Our first result concerns an observation that -dimensional excitations, created by transversal phase operators in the -dimensional color code, can be characterized by -dimensional bosonic SPT phases with symmetry. Namely, by writing the emerging wavefunction as a superposition of excited eigenstates, we find that its expression is identical to a fixed-point wavefunction of a non-trivial SPT phase. The on-site symmetries emerge from parity conservation of electric charges in the color code. While these SPT excitations are localized on -dimensional boundaries, their creations require quantum operations acting on all qubits inside the boundaries, reflecting the non-triviality of SPT wavefunctions.

Although these SPT excitations are pseudo-excitations (not being eigenstates), they may emerge as gapped domain walls in the Heisenberg picture. Our second result concerns an observation that application of transversal logical gates to a part of the system creates a gapped domain wall. In the two-dimensional color code, there is a one-to-one correspondence between transparent domain walls and two-dimensional logical gates with non-trivial automorphism of anyons. In the three-dimensional color code, gapped domain walls, created by operators, transform a loop-like magnetic flux into a composite of a magnetic flux and a loop-like SPT excitation, revealing rich possibilities of boundaries in higher-dimensional TQFTs.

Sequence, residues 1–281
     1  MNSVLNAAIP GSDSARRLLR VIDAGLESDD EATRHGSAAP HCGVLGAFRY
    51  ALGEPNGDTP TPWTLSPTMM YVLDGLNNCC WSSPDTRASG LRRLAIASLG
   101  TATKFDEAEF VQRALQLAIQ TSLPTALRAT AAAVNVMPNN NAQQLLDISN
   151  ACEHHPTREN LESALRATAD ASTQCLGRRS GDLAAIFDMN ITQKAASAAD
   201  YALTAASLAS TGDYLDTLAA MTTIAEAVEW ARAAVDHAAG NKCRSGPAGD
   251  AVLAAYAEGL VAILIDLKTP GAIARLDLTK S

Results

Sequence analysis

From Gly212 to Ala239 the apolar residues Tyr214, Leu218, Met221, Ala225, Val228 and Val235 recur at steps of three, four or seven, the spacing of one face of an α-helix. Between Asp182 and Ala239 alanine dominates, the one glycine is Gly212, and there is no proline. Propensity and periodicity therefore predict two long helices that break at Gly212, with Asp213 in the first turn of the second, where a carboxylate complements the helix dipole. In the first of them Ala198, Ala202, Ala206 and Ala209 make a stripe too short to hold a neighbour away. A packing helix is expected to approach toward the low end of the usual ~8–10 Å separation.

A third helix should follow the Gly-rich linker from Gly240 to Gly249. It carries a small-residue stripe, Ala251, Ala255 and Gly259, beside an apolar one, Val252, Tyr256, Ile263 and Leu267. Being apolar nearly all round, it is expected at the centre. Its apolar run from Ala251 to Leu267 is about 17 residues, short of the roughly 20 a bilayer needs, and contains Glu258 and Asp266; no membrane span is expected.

We also study braiding statistics of loop-like excitations in the three-dimensional color code. Our third result concerns an observation that loop-like magnetic fluxes and loop-like SPT excitations exhibit non-trivial three-loop braiding statistics. Namely, if a magnetic flux and a loop-like SPT excitation are braided while both of them are pierced through a magnetic flux, the resulting statistical phase is non-trivial. The non-trivial three-loop braiding statistics results from the fact that the three-dimensional color code admits a fault-tolerantly implementable logical gate from the third-level of the Clifford hierarchy. We also find that excitations, which may condense on the domain wall, exhibit trivial three-loop braiding statistics, implying that domain walls and boundaries in three-dimensional TQFTs may be classified by three-loop braiding statistics of magnetic fluxes and loop-like SPT excitations.

While the discussion in this paper is limited to a very specific model of topological quantum codes, we believe that our characterization is more generically applicable. Namely, we anticipate that in a large class of topologically ordered systems, pseudo-excitations resulting from fault-tolerantly implementable logical gates can be characterized by SPT wavefunctions. We further expect that these SPT excitations possess non-trivial multi-excitation braiding statistics and provide useful insight into classification of gapped boundaries. We thus view results in this paper as a stepping stone toward establishing the connection between characterizations of gapped domain walls, fault-tolerant logical gates and braiding statistics of SPT excitations.